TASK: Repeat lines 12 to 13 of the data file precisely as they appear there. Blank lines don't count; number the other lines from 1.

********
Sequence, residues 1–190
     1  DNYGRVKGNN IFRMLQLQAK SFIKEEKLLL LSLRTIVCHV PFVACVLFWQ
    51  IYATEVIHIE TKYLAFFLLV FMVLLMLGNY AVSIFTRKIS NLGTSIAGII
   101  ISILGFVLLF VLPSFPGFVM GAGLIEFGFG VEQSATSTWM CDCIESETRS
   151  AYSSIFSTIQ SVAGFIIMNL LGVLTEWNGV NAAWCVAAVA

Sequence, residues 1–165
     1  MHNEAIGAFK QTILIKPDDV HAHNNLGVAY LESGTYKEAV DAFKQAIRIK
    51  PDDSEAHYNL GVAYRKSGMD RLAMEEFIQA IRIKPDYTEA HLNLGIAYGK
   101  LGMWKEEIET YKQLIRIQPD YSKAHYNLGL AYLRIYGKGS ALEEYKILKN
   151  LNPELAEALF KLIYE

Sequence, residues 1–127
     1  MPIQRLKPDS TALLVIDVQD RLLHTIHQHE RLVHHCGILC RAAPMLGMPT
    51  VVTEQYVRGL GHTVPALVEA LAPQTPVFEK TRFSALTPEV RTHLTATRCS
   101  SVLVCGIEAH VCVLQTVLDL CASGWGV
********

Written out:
     1  MPIQRLKPDS TALLVIDVQD RLLHTIHQHE RLVHHCGILC RAAPMLGMPT
    51  VVTEQYVRGL GHTVPALVEA LAPQTPVFEK TRFSALTPEV RTHLTATRCS